DiSalvo is an Associate Professor in the Digital Media Program in the School of Literature, Media, and Communication at the Georgia Institute of Technology. At Georgia Tech he directs the Public Design Workshop, which is a design research studio that explores socially-engaged design practices and civic media. He also is the co-director of the Intel Science and Technology Center for Social Computing. DiSalvo publishes regularly in design, science and technology studies, and human-computer interaction journals and conference proceedings and he serves on the editorial board of the journal Design Issues. His first book, Adversarial Design, is part of the Design Thinking, Design Theory series at MIT Press. DiSalvo’s experimental design work has been exhibited and supported by the ZKM (Center for Art & Media), Grey Area Foundation for the Arts, Times Square Arts Alliance, Science Gallery Dublin, and the Walker Arts Center. He holds a Ph.D. in Design from Carnegie Mellon University (2006).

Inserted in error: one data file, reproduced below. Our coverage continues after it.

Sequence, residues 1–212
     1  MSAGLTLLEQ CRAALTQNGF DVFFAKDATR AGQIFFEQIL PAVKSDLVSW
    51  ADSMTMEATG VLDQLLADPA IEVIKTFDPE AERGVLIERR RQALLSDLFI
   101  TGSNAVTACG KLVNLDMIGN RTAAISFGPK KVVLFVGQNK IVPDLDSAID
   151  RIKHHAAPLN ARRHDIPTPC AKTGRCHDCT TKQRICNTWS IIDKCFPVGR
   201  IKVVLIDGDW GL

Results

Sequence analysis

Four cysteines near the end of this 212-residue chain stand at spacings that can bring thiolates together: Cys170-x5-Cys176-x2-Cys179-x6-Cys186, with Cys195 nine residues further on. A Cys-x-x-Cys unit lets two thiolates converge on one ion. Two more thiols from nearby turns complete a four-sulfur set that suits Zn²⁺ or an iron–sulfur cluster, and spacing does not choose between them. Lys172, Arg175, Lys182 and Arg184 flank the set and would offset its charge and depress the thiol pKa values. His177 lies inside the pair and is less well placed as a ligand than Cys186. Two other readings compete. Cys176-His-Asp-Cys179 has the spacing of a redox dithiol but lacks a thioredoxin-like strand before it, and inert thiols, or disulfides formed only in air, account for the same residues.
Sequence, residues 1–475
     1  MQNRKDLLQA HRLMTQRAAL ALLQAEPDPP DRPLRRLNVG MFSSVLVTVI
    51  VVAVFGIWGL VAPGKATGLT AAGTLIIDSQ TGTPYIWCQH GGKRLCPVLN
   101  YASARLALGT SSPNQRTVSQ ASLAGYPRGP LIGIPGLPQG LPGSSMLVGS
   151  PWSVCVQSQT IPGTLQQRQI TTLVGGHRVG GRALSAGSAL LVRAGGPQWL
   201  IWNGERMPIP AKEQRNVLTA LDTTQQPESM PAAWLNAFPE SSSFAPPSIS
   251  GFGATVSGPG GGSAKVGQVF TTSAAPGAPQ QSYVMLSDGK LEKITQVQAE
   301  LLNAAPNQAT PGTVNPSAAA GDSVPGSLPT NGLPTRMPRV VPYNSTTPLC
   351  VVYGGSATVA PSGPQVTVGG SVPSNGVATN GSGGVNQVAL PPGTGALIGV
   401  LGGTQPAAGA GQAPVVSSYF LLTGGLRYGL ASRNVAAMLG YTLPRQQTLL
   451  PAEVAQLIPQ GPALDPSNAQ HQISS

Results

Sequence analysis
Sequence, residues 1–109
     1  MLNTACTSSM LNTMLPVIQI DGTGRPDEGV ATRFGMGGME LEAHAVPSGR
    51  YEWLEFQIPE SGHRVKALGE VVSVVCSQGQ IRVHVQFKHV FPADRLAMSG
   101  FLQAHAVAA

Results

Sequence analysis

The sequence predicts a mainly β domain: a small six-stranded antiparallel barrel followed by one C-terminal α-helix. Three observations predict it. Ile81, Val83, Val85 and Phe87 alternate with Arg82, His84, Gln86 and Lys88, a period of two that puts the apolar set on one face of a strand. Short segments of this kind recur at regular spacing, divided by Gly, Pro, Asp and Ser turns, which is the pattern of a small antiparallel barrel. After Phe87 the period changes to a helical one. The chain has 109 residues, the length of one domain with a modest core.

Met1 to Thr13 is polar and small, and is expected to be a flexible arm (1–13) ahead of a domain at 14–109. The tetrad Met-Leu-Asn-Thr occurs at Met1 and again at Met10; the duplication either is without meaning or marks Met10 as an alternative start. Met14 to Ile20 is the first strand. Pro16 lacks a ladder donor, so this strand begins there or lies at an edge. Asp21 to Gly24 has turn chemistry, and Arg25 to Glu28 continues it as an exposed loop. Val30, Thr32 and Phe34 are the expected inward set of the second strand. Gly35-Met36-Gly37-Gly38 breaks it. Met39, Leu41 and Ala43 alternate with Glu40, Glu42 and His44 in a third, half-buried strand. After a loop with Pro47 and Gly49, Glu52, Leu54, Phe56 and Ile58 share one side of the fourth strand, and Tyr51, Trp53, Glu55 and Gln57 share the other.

Sanne van der Beek: Inside Out/Outside In — Design as Open
Sanne van der Beek is a cultural scientist (MA). She works as academic researcher, journalist, project coordinator and editor. Her work focuses on popular visual culture, with a special interest in design, fashion, new technology and urban issues. Van der Beek currently programs and produces the monthly live talkshow and digital magazine Stadseven (Citylife) about urban developments. She also works as a programmer for StadsSalon, a modern salon and exhibition space for meetings on architecture, design, arts and the cultural sector. Prior to this she worked as a project coordinator for the Creative Industries Research Center Amsterdam (CIRCA) and the Digital Humanities Center at the University of Amsterdam and she writes about design, fashion and new media for various clients. Her research always places her subjects in relation to broader cultural developments and can be considered as a thought experiment to open up the traditional discourse and explore new ways of thinking.
Bobby Campbell, University of North Carolina at Charlotte
Megan Hall, University of North Carolina at Charlotte
Challenges to Integrating Multicultural Knowledge in the Graphic Design Classroom
Sheila Sampath, The Public Studio
Patricio Davila, Ontario College of Art and Design University
Power, Politics and Praxis: Reimagining Design Education
Rita Saad, Lebanese American University
Simon Mhanna, Toronto Design Offsite Festival
The Weave: Designing Culturally Sensitive Briefs Through Narratives